INTRODUCTION 9 Figure 1. In the automobile industry. looking for breakthrough products or a new manufacturing technology that would give it a technological edge over the competition. as regards pricing policy. as Pilkington did. In the process they have made major inroads into Western markets historically dominated by Western ﬁrms. as Marks & Spencer has done.3 Retailing product–market strategy options. which formed the foundation of the company’s subsequent success. The range of product–market strategy options in retailing is illustrated in ﬁgure 1. Governing the choice between strategic options should be the notion of competitive advantage. . an approach combining a low-cost advantage with a quality position in the world of supermarkets. It might pursue technological dominance. into ﬁnancial services. as Sainsbury’s has done with its ‘good food’ that ‘costs less’. It has to identify particular characteristics within its approach to individual product–markets which will give it a strong competitive position. for example. Source: Knee and Walters (1985) totally different areas of business. It might go for a large market share that would enable it to dominate particular markets and deﬁne the conditions of competition in them. with its development of the process for manufacturing ﬂoat glass. The ﬁrm has to identify unique opportunities for itself in its chosen area(s). It might go for a better quality of product and service.3. for example. Or the ﬁrm might choose to combine some of these. Japanese manufacturers have rewritten the rules of the game regarding the quality of products and thus revolutionized consumer expectations. for instance.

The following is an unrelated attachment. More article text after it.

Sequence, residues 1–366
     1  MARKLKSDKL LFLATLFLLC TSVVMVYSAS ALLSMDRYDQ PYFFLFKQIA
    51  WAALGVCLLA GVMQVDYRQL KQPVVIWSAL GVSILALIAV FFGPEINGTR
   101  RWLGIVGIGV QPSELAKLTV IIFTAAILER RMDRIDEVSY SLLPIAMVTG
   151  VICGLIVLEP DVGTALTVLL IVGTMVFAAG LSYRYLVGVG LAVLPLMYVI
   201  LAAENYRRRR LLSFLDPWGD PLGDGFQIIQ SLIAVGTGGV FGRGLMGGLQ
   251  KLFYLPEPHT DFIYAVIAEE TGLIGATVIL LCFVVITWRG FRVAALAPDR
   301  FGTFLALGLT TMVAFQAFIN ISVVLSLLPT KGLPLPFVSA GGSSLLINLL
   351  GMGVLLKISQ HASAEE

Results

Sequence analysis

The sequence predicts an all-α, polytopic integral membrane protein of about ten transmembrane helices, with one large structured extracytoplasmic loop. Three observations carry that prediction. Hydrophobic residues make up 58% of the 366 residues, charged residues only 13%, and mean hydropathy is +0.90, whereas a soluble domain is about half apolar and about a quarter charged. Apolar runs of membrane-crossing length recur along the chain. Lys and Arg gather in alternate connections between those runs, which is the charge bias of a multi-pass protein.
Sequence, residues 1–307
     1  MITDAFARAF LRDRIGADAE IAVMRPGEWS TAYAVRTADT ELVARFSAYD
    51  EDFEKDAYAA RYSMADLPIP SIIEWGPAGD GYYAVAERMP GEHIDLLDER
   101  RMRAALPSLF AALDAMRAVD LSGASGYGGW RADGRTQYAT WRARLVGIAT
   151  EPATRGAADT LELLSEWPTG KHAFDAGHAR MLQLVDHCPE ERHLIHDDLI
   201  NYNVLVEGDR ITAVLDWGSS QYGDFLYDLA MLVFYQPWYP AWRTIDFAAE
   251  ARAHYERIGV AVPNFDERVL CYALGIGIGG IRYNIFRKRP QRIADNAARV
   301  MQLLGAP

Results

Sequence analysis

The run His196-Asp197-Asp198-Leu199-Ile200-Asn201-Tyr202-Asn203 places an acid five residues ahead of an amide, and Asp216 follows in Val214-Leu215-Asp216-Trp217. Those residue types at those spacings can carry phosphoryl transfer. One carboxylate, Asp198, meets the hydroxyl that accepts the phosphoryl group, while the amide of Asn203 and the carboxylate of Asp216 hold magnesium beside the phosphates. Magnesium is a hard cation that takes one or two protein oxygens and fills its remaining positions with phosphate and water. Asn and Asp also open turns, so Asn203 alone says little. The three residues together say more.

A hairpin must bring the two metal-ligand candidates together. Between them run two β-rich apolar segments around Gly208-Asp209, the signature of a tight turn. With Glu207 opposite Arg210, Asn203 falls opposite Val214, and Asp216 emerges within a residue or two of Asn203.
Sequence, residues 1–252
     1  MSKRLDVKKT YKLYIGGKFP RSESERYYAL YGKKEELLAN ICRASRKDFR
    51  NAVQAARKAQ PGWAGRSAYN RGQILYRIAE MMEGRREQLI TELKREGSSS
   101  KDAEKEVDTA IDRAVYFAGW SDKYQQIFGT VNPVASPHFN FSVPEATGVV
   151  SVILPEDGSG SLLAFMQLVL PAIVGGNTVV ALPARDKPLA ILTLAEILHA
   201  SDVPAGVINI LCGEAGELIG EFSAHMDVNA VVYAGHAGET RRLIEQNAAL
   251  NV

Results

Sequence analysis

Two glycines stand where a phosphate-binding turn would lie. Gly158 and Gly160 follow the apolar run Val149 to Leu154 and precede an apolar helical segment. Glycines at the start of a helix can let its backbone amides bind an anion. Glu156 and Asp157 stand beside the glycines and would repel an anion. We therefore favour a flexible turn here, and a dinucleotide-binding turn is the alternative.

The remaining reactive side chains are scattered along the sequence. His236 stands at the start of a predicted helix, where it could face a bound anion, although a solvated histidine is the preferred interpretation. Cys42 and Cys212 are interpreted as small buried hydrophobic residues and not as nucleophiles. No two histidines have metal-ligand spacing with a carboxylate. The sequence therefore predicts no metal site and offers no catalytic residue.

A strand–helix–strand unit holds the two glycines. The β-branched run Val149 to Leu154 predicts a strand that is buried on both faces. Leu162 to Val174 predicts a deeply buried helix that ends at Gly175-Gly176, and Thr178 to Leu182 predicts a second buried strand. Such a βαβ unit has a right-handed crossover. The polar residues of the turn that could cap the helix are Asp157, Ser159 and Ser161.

• deﬁnitions of who are the major stakeholders in the business.’ the second answered. Management guru Peter Drucker. Drucker illustrates the importance of a sense of mission with his story of three people working on a building site.’ There is a similar story told about three climbers. one answered. ‘Collecting material for a ﬁlm. He makes the point when analysing the early success of Marks & Spencer: Marks & Spencer redeﬁned its business as the subversion of the class structure of nineteenth-century England by making available to the working and lower middle classes upper-class goods of better than upper-class quality.10 INTRODUCTION Mission Statements The concept of mission has become increasingly fashionable in discussions of strategy. ‘Breaking rocks.’ another answered.’ the third answered.’ the third answered. but these objectives and strategies are far more likely to be acted upon when there is a clear sense of mission informing action. Indeed. A good mission statement will contain the following: • the purpose of the organization – a statement of the principal activities of a business or organization. achievable objectives. the source of much contemporary thinking about the business mission. • the key beliefs and values of the company. One answered. because the mission deﬁnes the purpose of the ﬁrm in terms of its enduring sense of its reason for being. All three were doing the same job but when asked what their job was gave very different answers. Drucker himself highlights the need to link a sense of mission with clear. • the guiding principles that deﬁne the code of conduct that tells employees how to behave. Only a clear deﬁnition of the mission of the organization makes possible clear and realistic business objectives. The mission deﬁnes the long-term vision of the organization in terms of what it wants to be and whom it wants to serve. ‘Earning a living. • its principal business aims – its mission as regards the position it aims to achieve in its chosen business. and yet at prices the working . argues that asking the question ‘What is our business?’ is the same as asking the question ‘What is our mission?’ A business is deﬁned by its mission. A ﬁrm’s mission should be clear and concise and distinguish it from any other ﬁrm. The deﬁnition of a ﬁrm’s strategic mission encapsulated in the mission statement can be thought of as the ﬁrst stage of the strategy process.’ There are no prizes for deciding who was most committed to his/her task and who would be most motivated to perform to the best of his/her ability. ‘Helping to build a cathedral. The mission statement has to be backed up with speciﬁc objectives and strategies. When asked what they were doing. ‘Climbing Everest. ‘Pitching camp. some analysts go as far as asserting that a good ‘mission statement’ can provide an actual worthwhile alternative to the whole task of corporate planning.